Men in Black (2 July, 1997)
After shooting the Coen brothers’ loveliest film, and before plunging headlong into a Wild Wild West fueled wallow in his own mediocrity, Barry Sonnenfeld managed to knock out a few absolutely top-notch high-concept comedies, the most successful of which is this delightfully anarchic live-action cartoon about aliens and stoic G-Men, anchored by Tommy Lee Jones giving one of the most impeccably measured performances of his career, and Will Smith proving why he deserved to be a movie star. Silly, but only in the most serious way.
Spider-Man (3 May, 2002)
Two years earlier, X-Men lit the fuse; but it was Sam Raimi’s unapologetically fanboyish movie that set the modern comic trend into overdrive. And why not? It proved that there wasn’t only life in the moribund genre, there was the stuff of pure cotton-candy magnificence, and whether or not he bettered himself with the sequel, I think we can all agree that between the two films, this is about as much unadulterated fun as summer movies have been in the last ten years.
Pirates of the Caribbean: The Curse of the Black Pearl (9 July, 2003)
Speaking of unadulterated fun, here’s the only worthwhile film yet adapted from a theme park ride. Which is not the least reason why there was no expect Jerry Bruckheimer’s production of a film by Gore Verbinski was going to be coherent, let alone watchable; and while it’s undeniably bloated, the instantly-iconic Johnny Depp performance that isn’t even at the film’s center made sure that we’d all be made converts on the spot. Two degraded sequels, with another on the way, haven’t even chipped at the luster of this grandly over-the-top pop-absurdist adventure.
Mr. & Mrs. Smith (10 June, 2005)
Ladies and gentlemen, this is what movie stardom looks like. There’s nothing original or compelling about Simon Kinberg’s scenario – they’re married spies! but they don’t know! – nor Doug Liman’s effective but ultimately functional direction. But just try to watch Angelina Jolie and Brad Pitt spar with each other using first their guns, then their genitals, and tell me that you can’t feel the charisma rolling of the screen in hot, lusty waves. The cinema equivalent of eating a whole pint of Ben & Jerry’s in one sitting.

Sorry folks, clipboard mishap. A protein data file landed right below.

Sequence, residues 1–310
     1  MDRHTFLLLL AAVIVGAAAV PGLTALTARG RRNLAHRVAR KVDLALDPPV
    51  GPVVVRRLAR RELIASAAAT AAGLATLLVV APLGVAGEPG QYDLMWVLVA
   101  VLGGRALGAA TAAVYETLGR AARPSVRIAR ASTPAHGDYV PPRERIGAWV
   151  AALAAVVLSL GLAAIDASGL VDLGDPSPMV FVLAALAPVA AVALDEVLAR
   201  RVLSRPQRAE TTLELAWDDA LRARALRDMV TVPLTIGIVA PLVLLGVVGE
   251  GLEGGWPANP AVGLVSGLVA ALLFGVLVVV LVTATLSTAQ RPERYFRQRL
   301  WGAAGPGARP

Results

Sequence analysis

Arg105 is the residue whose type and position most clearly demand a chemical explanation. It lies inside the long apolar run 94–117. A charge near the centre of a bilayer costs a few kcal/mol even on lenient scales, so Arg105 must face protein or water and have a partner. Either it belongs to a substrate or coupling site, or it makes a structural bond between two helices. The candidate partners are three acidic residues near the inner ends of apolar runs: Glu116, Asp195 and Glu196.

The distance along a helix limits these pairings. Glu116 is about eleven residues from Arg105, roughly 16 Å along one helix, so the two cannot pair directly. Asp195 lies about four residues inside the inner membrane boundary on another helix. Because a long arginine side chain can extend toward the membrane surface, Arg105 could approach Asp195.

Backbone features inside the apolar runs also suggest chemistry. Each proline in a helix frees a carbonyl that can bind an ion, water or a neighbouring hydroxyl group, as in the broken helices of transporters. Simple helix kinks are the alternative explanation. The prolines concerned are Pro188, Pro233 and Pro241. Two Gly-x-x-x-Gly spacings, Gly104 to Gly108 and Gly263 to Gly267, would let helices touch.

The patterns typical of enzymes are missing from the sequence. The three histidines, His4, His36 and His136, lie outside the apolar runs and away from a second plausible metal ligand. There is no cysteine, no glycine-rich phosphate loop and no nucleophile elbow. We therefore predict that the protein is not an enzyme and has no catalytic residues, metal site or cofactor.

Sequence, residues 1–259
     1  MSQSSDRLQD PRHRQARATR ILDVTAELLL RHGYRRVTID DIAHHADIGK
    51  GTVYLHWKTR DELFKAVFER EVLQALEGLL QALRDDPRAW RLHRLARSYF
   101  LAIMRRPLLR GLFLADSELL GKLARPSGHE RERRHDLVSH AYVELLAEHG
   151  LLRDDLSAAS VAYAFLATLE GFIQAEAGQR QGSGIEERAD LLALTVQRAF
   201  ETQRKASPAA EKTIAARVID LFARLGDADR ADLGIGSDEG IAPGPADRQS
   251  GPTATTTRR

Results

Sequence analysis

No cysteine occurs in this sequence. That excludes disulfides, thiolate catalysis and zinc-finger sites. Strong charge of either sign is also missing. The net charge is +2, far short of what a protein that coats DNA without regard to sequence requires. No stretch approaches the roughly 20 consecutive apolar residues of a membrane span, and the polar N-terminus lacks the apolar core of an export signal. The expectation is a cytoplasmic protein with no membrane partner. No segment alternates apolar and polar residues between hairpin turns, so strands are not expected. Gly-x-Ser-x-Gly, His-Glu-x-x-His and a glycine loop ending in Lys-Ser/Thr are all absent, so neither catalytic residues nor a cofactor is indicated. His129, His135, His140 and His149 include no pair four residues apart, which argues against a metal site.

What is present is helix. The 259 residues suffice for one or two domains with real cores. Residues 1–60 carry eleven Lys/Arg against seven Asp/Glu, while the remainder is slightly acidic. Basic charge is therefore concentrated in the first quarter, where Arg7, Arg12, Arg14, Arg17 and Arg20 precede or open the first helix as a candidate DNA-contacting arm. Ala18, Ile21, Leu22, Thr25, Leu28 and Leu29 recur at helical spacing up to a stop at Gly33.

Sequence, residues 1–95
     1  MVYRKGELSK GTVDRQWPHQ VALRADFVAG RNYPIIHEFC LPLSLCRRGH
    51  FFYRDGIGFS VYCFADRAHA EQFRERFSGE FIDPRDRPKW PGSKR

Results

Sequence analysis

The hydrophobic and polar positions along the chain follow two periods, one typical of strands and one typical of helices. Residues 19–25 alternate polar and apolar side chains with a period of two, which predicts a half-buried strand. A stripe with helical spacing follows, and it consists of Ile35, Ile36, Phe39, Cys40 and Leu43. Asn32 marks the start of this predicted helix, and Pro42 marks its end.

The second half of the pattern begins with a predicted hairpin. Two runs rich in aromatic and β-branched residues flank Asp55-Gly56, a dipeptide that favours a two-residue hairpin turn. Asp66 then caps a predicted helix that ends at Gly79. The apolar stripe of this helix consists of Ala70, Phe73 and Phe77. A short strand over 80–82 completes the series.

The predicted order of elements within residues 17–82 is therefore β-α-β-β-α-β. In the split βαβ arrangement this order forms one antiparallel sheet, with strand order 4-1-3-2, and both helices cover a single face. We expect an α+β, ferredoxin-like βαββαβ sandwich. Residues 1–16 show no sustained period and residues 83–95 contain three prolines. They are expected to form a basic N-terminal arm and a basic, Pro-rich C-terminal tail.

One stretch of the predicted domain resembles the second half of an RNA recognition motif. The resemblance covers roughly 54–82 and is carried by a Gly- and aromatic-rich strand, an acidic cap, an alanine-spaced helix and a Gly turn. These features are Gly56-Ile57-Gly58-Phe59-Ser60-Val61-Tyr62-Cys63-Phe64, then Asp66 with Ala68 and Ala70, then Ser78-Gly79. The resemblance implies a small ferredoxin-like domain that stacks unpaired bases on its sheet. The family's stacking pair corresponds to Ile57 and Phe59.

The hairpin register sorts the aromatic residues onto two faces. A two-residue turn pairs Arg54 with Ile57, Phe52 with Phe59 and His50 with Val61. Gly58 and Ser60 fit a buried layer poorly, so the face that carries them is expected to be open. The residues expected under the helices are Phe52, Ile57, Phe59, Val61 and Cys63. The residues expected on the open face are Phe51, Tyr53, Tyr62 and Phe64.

The Bourne Ultimatum (3 August, 2007)
The high water mark of a new kind of action aesthetic; one that admittedly has as many detractors as fans. As a committed fan of Paul Greengrass’s harsh, literally nauseating camerawork and firecracker editing, let me say merely that it never ceases to warm my heart when any motion picture can do so much to violate the basic norms of cinematic vocabulary – with no small amount of sadistic glee – do it in a way that proves legitimately poetic on its own terms, and make pots and pots of money in the process.
The Dark Knight (18 July, 2008)
Say what you will (and trust that every word of it has been said already), but the heaving, operatic bleakness of Christopher Nolan’s apocalypse fantasy in superhero drag isn’t just the ultimate iteration of the “make it dark” school of storytelling, a mostly cynical attempt to capture gravitas by indulging in joylessness. The film is possessed of a magnificent decayed grandeur, a sense of the truly epic that burrows into your bones and overwhelms you. Overhyped and then some, but it is powerful in ways that virtually no other popcorn movies even imagine striving for.